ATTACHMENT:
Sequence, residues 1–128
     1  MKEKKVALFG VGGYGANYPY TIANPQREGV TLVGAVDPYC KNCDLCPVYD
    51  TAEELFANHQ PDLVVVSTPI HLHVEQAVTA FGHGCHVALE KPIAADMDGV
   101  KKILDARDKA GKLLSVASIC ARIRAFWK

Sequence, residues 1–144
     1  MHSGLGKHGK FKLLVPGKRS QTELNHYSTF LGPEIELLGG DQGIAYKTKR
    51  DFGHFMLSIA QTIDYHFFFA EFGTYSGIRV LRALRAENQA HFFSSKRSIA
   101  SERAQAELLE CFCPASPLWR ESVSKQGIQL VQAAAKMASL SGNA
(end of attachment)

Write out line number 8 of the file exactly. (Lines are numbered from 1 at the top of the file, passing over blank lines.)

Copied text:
   101  SERAQAELLE CFCPASPLWR ESVSKQGIQL VQAAAKMASL SGNA